Published on 19 Jun 2014 Sections , ,

Brazil 2014… as seen from Sao Paulo’s ‘tent city’

Latin America Correspondent

The first time I came to Sao Paulo over a decade ago, I was struck by the cost of living in comparison to the rest of the region.

World Cup HomelessGuillermo Galdos meets the homeless of BrazilGuillermo Galdos stood at the kitchen which serves over 100 people at a camp for homeless people in Sâo Paulo height 768width 1024orientation 1camerasoftware Adobe Photoshop Elemoriginaldate 1/1/0001 6:00:00 AMYoung people queue up for lunch which is served twice a day.height 768width 1024orientation 1camerasoftware Adobe Photoshop Elemoriginaldate 1/1/0001 6:00:00 AMThe camp is run by its residents, who cook and feed each other. height 768width 1024orientation 1camerasoftware Adobe Photoshop Elemoriginaldate 1/1/0001 6:00:00 AMThe People’s Cup Occupation began over a month ago when 1,000 families set up camp on this wasteland. height 768width 1024orientation 1camerasoftware Adobe Photoshop Elemoriginaldate 1/1/0001 6:00:00 AMThree families live in this house made of plastic sheeting and sticks. height 768width 1024orientation 1camerasoftware Adobe Photoshop Elemoriginaldate 1/1/0001 6:00:00 AMThere are now 4,000 families living here. height 768width 1024orientation 1camerasoftware Adobe Photoshop Elemoriginaldate 1/1/0001 6:00:00 AMDaniel De Souza has been here since the first day. He used to be a bricklayer, but lost his job. height 768width 1024orientation 1camerasoftware Adobe Photoshop Elemoriginaldate 1/1/0001 6:00:00 AMThe Brazilian government has promised to build 2,000 homes for the people that live here after major protests. height 768width 1024orientation 1camerasoftware Adobe Photoshop Elemoriginaldate 1/1/0001 6:00:00 AMThousands of families live here with no electricity or running water. height 768width 1024orientation 1camerasoftware Adobe Photoshop Elemoriginaldate 1/1/0001 6:00:00 AMGraffiti on the walls near the camp read “The whole cup should have been for the people.”height 768width 1024orientation 1camerasoftware Adobe Photoshop Elemoriginaldate 1/1/0001 6:00:00 AM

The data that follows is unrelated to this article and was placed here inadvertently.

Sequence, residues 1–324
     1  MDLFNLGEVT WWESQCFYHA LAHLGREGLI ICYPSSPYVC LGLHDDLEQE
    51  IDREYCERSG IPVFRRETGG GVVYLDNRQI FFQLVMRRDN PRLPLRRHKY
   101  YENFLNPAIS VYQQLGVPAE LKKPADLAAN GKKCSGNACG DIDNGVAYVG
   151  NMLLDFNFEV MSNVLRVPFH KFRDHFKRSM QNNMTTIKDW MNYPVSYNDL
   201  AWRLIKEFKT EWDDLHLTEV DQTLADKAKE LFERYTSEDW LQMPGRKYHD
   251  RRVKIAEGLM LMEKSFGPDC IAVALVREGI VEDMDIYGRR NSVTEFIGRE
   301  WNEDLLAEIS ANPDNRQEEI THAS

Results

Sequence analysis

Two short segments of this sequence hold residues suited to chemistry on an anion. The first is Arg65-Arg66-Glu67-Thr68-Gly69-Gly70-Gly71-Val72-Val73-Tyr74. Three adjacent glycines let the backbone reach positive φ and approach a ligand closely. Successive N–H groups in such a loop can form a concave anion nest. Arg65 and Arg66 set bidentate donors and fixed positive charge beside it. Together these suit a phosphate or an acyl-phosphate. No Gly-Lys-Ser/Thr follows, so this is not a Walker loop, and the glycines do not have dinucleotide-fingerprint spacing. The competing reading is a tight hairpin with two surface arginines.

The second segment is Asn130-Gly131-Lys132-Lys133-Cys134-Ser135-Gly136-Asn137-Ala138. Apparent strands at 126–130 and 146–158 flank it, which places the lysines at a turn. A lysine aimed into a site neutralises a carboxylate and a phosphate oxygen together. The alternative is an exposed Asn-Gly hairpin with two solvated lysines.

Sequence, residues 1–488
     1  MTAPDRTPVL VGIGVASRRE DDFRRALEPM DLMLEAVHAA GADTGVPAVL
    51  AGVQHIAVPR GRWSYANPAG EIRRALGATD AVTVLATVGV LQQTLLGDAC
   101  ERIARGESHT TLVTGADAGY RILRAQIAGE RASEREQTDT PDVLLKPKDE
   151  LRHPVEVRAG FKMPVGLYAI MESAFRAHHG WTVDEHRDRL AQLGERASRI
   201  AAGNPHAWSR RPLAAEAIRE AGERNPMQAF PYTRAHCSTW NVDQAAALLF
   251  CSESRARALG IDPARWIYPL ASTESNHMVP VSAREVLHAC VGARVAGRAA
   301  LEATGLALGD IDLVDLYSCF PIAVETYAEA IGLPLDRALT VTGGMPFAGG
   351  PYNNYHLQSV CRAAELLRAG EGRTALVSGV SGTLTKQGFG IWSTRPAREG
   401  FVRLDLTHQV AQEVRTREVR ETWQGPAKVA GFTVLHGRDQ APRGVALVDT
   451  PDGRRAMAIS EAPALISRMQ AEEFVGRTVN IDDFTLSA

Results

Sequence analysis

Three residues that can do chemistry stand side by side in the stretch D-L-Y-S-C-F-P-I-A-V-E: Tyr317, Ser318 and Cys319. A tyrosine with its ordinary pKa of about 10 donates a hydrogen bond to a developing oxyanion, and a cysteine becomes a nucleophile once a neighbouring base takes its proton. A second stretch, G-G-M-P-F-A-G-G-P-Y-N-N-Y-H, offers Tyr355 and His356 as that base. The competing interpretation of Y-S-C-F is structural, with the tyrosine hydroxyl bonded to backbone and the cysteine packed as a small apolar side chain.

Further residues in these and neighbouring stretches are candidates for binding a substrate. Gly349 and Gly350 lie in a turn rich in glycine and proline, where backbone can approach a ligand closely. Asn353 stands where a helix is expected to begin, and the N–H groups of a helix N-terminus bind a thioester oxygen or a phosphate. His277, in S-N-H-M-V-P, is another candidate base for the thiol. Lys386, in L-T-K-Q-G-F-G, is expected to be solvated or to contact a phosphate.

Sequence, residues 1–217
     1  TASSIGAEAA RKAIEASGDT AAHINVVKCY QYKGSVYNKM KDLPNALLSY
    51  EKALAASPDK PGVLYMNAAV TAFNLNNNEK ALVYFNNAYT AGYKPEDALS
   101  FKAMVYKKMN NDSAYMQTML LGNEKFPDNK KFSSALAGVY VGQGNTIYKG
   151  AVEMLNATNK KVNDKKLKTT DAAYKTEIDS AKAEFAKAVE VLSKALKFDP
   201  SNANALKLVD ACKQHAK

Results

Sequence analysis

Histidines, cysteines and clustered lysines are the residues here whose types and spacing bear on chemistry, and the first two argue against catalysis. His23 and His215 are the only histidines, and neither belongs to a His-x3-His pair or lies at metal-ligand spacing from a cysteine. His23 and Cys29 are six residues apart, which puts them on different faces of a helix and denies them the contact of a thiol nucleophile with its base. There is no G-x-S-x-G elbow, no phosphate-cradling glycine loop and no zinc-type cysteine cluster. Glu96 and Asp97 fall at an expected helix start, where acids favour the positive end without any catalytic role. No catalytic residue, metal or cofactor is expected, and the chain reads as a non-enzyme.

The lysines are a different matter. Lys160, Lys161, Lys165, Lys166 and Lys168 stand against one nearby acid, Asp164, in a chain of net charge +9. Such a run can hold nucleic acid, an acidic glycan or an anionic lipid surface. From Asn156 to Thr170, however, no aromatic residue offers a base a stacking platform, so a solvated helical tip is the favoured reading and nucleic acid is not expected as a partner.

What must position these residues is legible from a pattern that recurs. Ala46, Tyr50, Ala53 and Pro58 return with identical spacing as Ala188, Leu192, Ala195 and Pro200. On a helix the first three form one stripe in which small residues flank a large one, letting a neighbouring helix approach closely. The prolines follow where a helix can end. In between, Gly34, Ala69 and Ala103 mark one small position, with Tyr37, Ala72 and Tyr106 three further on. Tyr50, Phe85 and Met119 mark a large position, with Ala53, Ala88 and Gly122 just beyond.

Click on the arrows above, bottom right, to see photos from Gino Amadori Arias

It was much more expensive than any other South American city. Today, thanks to the World Cup the prices are even higher, and as a direct result thousands of Brazilians have been left homeless.

I don’t even have electricity to watch a match on TV Edmilson

I came to visit the newest occupation by the Homeless People’s Movement (MST) in Sao Paulo. This “tent city” calls itself the ‘Copa de Povo’ or People’s Cup and lies less than two kilometres away from the newly built Itaquera World Cup stadium.

The movement runs five camps like this one and house around 20,000 families in Sao Paulo alone.

There, I met Edmilson, an unemployed brick layer in his early 40s.

“I am not against the World Cup but we occupied this land to protest the £300m the government paid for the stadium. Why is that they don’t spend the money on the people who really need it? I don’t even have electricity to watch a match on TV.”

Edmilson lives with his wife and his newborn baby Sofia in a tiny shack made from plastic bags. He shares the space with another two families and six more children. Without running water or sewage this place is a cradle for diseases.

Inequality

Sao Paulo is not only one of the most expensive cities in South America, it’s also one of the most unequal. While I walk around the labyrinth of makeshift houses at Copa du Povo I can hear the corporate helicopters roving over us.

I really hope to have a house soon. Edmilson

The rich in here don’t have time to be stuck in traffic jams.

The number of billionaires have rocketed. Even though the gap between rich and poor has shrunk in the last decade, more than 15 percent of Brazilians still survive on less than £1 a day, that’s around 25 million people.

2,000 houses

The MST have been at the forefront of the protests against the World Cup. They are angry that the whole world is coming to party in Brazil for the tournament, when their lives worsened as a direct consequence of it.

But not all is bad for the homeless in Sao Paulo. The government of Dilma Roussef has promised to build 2,000 new homes in the wasteland that Edmilson and the other 4,000 families occupied.

“I hope that the government is not only promising that because they don’t want us to protest during the World Cup,” he told me. “I really hope to have a house soon.”

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